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Forced out of school and displaced from home in Yemen as conflict rages

UNICEF Yemen/2016
© UNICEF Yemen/2016
Kolod, 10 cleaning the compound of the makeshift shelter in Sana’a where her family currently stays after being uprooted from their home due to the conflict that rages on in Yemen without an end in sight.

By Bismarck Swangin

Sana’a, Yemen, 12 December 2016 - For ten year old Kolod, the gruesome memories of dead bodies flung all around her clubbed with the smell of blood seem to stalk her as she tries to go about her daily existence. Caught in the midst of the worst fighting the country has seen in a long time, Kolod who was in her class when airstrikes hit her neighbourhood, ran and hid under a desk while the bombs crashed next door to her. The sounds of war deafening her ears as she sat there, frozen with fear not knowing what to do next.

Running for life

“We were so scared. We had to run out of school”, Kolod said. “On the way we saw dead bodies and destroyed buildings”. Among the dead were some of her friends from the neighbourhood.

She managed to reach home but even there it was not safe. Several houses in their immediate neighbourhood had been flattened by the bombs and rockets. Together with her parents and sisters, they started running--running aimlessly - but there was no any other option. “Everybody was running”, Kolod said.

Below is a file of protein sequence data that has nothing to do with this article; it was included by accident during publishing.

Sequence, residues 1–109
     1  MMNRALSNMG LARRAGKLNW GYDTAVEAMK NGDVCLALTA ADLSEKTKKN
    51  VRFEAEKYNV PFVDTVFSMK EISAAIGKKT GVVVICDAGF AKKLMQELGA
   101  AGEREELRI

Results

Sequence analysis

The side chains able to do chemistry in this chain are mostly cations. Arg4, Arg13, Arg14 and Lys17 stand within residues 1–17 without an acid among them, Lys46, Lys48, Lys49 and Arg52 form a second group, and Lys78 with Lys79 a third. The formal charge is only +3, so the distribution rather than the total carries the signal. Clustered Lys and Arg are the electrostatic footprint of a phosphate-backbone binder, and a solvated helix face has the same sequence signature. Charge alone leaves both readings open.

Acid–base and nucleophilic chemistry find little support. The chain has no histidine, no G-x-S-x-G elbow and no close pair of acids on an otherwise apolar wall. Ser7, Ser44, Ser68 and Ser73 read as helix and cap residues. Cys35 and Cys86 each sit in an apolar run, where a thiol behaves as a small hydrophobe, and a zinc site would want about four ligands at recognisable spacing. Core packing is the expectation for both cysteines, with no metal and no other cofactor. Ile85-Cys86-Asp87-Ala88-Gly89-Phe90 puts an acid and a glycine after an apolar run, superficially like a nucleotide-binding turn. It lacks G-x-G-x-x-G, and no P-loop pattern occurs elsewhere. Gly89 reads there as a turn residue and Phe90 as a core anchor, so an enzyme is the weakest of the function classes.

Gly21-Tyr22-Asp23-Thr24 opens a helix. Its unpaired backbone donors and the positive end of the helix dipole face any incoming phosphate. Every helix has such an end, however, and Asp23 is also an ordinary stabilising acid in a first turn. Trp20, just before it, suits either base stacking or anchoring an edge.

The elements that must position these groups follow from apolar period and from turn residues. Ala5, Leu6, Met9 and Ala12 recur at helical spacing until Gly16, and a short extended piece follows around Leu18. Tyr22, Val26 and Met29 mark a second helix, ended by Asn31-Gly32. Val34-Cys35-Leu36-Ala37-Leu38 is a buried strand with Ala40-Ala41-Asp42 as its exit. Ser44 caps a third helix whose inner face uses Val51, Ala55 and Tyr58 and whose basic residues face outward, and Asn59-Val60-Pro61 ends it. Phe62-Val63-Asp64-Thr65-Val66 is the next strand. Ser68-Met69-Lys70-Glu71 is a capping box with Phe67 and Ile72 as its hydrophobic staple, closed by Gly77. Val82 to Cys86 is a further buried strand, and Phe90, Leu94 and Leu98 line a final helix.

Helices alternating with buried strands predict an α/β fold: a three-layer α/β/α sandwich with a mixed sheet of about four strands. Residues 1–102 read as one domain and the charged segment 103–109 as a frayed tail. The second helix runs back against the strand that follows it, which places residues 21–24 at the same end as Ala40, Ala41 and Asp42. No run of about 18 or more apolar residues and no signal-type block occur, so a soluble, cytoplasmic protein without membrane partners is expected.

After several hours of running they got exhausted. Behind them they could hear the blast of the bombs followed by the shaking of the ground. They kept walking till sunset.

With other families that were running together with them, they settled at a certain compound for the night, not to sleep but to rest. At dawn the following day, the bombing and shelling started again, this time coming closer to this compound. They started running again.

Along the way, they met a family friend with a car. This was a big relief. They jumped into the car and drove to a place called Harath further west of Sana’a city. Having fled with nothing, Kolod’s family started from a scratch. They gathered cartons and wooden poles to put up a makeshift shelter for them to live in.

Missing school

While life away from home is difficult, what Kolod misses most is her school. Already in grade three at the time she and her family were uprooted, her dream is to become a teacher when she grows up.

“I want to teach all of my friends and students”, she said.

UNICEF estimates that 2,108 schools across the country can no longer be used. They were destroyed or damaged, host internally displaced families or being used for military purposes.

To ensure that children don’t completely miss out on their education, UNICEF is supporting the Back-to-School campaign to provide children with a learning opportunity. This includes the renovation of nearly 700 damaged schools and provision of school furniture, stationery and school bags. Teachers are receiving training on psychosocial support to help students cope with the horrors of the conflict.

In the past year and a half, UNICEF has reached over 575,000 school children with education material and psychosocial support and has worked with partners to support over 600,000 students in grade 9 and 12 to take their exams. 

 

 
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